‘Blue Bench Brigade’ protects bench where Zephyr has worked since censure

Group shows up after legislators’ wives staged a sit-in on the same bench

By: and - May 2, 2023 4:37 pm

Remote workers in Helena hold the bench for Rep. Zooey Zephyr, D-Missoula, on May 2, 2023. (Photo by Nicole Girten/Daily Montanan)

A group of Helena professionals who work in tech made their way to the Capitol on Tuesday to join a revolving crew of people protecting the bench where Rep. Zooey Zephyr, D-Missoula, has been representing her constituents.

“I don’t do well with bullying, and I decided instead of just kind of staying at home and fuming about this, that I was going to come in and at the very least, just tell Zooey that I support her and admire her bravery,” said Kurt Fehlig, one of three people holding down the bench around noon Tuesday.

“We’re keeping the bench for Zooey. So we can’t move,” said Tom Snell.

Last week, a Republican majority voted to ban Zephyr from the House floor, its gallery and an adjacent room because she didn’t quiet a protest that broke out Monday in the gallery. Zephyr has said she wanted to amplify the voices of people calling on the Speaker of the House to let her represent her constituents.

Thursday, one day after the vote, Zephyr started working on a bench outside the chamber, and fellow legislators helped hold her seat if she had to get up. An orange Post-it note on the wall identifies the spot as Seat No. 31, the desk number she sat at on the floor.

The same day, however, Zephyr said the Speaker of the House tried to thwart her from sitting there, and this Monday, a group of people who described themselves as legislators’ wives took those seats across from the snack and coffee bar.

But Tuesday, one small band of Zephyr’s supporters arrived at 7 a.m. to bench sit, said Shani Henry, vice chairperson of the Lewis and Clark County Democrats. Kev Hamm called them the “blue bench brigade” on Twitter.

The effort appears to be uncoordinated, inspired by Zephyr’s resilience and commitment to work for her 11,000 constituents.

Henry has been helping to guard the bench for the Missoula Democrat, the first openly transgender woman elected to the House. Henry said it appears some of the people who arrived at the Capitol to help have done so organically, without prompting from Zephyr.

(Henry, who also serves as a statewide lead for Moms Demand Action, said she herself has been at the Capitol quite a bit: “Pretty much everything I care about is under attack.” Moms Demand Action works against gun violence.)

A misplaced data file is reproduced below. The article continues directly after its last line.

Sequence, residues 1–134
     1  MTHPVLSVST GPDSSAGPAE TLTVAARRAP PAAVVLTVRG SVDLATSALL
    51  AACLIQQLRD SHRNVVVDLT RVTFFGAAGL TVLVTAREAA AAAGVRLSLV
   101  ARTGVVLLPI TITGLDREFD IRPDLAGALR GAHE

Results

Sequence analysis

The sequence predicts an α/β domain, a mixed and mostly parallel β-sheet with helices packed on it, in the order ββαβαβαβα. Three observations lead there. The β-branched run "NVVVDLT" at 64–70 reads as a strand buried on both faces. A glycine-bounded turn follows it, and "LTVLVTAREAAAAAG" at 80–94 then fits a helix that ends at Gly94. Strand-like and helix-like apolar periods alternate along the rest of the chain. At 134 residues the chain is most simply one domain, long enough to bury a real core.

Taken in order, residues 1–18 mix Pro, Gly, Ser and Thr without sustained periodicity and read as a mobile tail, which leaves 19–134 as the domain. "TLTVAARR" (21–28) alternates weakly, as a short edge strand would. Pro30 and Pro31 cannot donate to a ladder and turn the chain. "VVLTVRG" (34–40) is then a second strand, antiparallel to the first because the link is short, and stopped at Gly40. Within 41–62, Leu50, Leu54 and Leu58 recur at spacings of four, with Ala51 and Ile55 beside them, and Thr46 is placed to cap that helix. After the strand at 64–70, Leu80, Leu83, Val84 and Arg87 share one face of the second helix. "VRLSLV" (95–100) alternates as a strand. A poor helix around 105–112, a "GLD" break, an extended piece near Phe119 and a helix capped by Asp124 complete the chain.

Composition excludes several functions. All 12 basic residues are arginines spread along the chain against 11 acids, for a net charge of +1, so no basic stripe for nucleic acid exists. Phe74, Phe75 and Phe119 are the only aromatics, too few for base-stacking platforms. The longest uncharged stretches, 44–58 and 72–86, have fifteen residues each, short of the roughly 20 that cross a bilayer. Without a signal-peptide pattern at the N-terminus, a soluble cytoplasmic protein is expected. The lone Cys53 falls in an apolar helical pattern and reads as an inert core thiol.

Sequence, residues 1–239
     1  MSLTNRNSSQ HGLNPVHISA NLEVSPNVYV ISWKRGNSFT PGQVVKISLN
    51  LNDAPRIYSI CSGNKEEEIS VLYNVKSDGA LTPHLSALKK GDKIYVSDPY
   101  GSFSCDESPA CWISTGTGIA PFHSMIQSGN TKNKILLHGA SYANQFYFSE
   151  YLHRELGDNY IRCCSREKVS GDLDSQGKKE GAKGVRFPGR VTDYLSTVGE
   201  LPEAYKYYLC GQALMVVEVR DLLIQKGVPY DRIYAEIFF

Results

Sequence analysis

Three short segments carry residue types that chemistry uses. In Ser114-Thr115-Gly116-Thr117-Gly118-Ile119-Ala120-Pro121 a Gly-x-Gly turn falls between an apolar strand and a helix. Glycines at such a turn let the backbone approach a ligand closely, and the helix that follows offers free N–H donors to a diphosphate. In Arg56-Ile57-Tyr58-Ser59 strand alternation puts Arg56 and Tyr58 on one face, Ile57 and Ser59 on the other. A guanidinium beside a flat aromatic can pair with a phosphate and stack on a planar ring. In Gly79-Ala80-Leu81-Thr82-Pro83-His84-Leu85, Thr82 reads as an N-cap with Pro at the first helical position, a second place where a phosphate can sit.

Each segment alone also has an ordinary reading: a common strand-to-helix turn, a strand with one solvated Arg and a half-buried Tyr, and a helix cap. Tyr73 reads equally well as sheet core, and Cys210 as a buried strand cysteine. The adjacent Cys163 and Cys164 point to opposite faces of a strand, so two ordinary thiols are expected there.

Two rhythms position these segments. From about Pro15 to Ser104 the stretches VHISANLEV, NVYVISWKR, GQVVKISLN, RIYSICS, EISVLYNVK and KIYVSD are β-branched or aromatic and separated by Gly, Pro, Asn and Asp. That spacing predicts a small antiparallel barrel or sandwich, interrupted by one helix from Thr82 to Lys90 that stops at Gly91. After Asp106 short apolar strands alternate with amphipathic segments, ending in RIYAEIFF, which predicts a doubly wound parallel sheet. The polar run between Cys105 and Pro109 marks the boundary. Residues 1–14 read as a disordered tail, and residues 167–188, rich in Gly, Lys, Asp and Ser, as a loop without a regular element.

At her new improvised workspace, visitors have presented Zephyr with a corsage and cards, and many transgender youth have stopped by in person to talk with her, Henry said. The Speaker of the House stopped recognizing Zephyr after she said Republicans would have “blood on (their) hands” if they voted for a bill to ban gender affirming care, legislation since signed by Gov. Greg Gianforte.

Speaker Matt Regier, R-Kalispell, said her remarks that Republicans should be “ashamed” of themselves merited an apology, and he said he’s treating her just like he’s treated other representatives. Unlike others who have crossed the line of civility, he said Zephyr herself hasn’t apologized.

Zephyr has said the majority is using decorum as an excuse to silence her, and she and the ACLU of Montana filed a lawsuit Monday alleging First Amendment violations. Thursday, she worked from the bench with a recycle bin next to her and a makeshift desk over her lap.

Around 9 a.m., the tech crew showed up to take a rotation. Fehlig said he had a good idea of where he needed to go at the Capitol to lend a hand.

“I knew where to go because I saw the menu and a picture yesterday,” Fehlig said. “So it’s like, OK, it’s somewhere where people are getting food. So we just found our way up here, and I’ve been just hanging out.”

They hadn’t seen Zephyr for 15 minutes or so, but they were pleased to stake out the bench for her while working their day jobs. After all, they have freedom Zephyr herself hasn’t had since last Wednesday.

“We all work in tech, so we could work from wherever.”

Editor’s note: Kev Hamm’s name was misspelled due to an editing error. It has been corrected.

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Nicole Girten
Nicole Girten

Nicole Girten is a reporter for the Daily Montanan. She previously worked at the Great Falls Tribune as a government watchdog reporter. She holds a degree from Florida State University and a Master of Science from the Medill School of Journalism at Northwestern University.

Keila Szpaller
Keila Szpaller

Keila Szpaller is deputy editor of the Daily Montanan and covers education. Before joining States Newsroom Montana, she served as city editor of the Missoulian, the largest news outlet in western Montana.